Tuesday, January 04, 2022

Covid woes - further failures in public policy

2021 saw the lowest number of posts on this blog since it began. That downturn is reflected across across all my writing. It's not just covid, although that has been a very major factor.

One of the most difficult things about this pandemic has been the uncertainty, uncertainty accentuated by constant shifts in rules and regulations and in advice further compounded by lack of transparency. Now I feel that the wheels have come off in no uncertain fashion. Covid cases have exploded, testing systems are collapsing, our health staff at all levels are exhausted, contact tracing is overwhelmed, the need for workers to quarantine has affected production at all levels, the pressures are forcing daily changes in the interacting rules between jurisdictions, while jurisdictions have stopped providing information that we used to rely on. .

I need to write a proper policy piece on all this. For the moment, I want to make a few short comments from a personal perspective. 

The decision by the new NSW Premier Dominic Perrottet to abolish restrictions in NSW in a single swoop rather than a more staged testing way has been an unmitigated disaster, one that has actually had the opposite effects that he intended. Life including economic activity has actually become more difficult, not easier. It's not all his fault. The now abolished Queensland requirement that people must undergo PCR tests before entering Queensland added something like a third to the load of an already overstretched NSW testing system, while decisions at Federal level that rendered the supply of booster shots unprofitable for GPs and pharmacies reduced supply availability just at the time that rule changes increased demand.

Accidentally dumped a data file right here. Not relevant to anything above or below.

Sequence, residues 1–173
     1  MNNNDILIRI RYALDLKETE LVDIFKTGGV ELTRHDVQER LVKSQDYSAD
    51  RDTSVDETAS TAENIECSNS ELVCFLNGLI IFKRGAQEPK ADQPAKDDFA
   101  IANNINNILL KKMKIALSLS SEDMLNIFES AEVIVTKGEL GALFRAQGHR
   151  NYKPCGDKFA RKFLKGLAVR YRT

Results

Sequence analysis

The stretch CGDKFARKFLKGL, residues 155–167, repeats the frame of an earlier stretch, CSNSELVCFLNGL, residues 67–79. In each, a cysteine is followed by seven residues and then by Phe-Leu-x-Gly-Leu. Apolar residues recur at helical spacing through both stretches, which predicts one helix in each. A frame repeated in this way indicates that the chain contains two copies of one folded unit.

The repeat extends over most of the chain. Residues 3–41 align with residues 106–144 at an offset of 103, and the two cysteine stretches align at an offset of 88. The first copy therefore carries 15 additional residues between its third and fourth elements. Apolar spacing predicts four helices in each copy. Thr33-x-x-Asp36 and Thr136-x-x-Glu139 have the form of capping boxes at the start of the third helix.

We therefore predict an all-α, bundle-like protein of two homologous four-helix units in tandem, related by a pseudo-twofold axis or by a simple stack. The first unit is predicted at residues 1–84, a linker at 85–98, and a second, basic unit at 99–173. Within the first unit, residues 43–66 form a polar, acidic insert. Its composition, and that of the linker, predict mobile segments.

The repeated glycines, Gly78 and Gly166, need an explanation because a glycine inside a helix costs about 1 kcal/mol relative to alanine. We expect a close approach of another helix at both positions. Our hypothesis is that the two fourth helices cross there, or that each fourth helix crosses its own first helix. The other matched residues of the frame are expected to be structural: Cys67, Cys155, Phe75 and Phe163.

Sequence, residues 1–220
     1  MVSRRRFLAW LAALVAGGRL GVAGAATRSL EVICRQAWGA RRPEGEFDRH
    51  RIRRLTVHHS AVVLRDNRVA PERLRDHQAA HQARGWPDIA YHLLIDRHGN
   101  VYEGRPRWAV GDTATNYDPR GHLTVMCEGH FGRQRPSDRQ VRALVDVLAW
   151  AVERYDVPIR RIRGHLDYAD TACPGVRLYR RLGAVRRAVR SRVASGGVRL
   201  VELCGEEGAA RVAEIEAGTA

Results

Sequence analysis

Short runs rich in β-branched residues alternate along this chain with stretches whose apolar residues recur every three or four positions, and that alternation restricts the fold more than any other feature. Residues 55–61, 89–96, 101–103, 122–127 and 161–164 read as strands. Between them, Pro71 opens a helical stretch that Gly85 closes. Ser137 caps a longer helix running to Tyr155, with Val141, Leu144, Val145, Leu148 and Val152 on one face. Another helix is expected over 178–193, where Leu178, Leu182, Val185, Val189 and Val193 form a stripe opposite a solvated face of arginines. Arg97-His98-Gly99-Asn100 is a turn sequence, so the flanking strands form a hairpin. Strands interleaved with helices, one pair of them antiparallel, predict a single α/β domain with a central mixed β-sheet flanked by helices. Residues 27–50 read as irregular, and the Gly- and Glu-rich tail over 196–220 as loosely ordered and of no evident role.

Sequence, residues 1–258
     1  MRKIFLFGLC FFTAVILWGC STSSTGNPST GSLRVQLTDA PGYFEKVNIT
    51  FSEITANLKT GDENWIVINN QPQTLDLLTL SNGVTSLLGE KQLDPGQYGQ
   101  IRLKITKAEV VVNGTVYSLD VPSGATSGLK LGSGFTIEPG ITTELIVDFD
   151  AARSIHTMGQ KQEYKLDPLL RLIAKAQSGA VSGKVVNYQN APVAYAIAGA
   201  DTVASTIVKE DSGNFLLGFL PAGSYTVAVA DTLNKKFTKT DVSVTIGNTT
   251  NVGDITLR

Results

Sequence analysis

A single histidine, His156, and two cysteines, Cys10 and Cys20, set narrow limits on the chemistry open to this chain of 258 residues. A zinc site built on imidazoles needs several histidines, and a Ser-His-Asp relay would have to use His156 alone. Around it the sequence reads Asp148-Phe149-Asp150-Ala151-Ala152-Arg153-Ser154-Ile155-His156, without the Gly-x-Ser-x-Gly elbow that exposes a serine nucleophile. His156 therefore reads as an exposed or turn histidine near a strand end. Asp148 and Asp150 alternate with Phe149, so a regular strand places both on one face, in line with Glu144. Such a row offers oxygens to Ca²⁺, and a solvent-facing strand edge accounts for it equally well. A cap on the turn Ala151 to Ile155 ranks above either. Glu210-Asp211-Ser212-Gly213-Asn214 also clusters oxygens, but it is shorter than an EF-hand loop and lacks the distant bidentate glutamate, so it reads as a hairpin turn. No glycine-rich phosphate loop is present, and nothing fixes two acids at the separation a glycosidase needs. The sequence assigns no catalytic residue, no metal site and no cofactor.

Both Premier Perrottet and Prime Minister Morrison talk about individual responsibility. In fact, the interacting changes have had the opposite effect. 

I visited one of the local shopping centres the day that both masks and QR code registration ceased to be mandatory. Less than 10% of customers, perhaps 20% of staff, had masks on. I think that people just suddenly relaxed. As covid cases spread across Northern NSW including Armidale, mask wearing came back before it and QR check-ins became mandatory once more. 

The spread in cases coincided with changes to the information provided by NSW Health and by Hunter New England Health. Information on cases is now restricted to local government areas, while the previous venue information is no longer provided. Instead, we are meant to rely on notifications from Service NSW to warn us, notifications that have struggled as the contact tracing system came under increasing strain.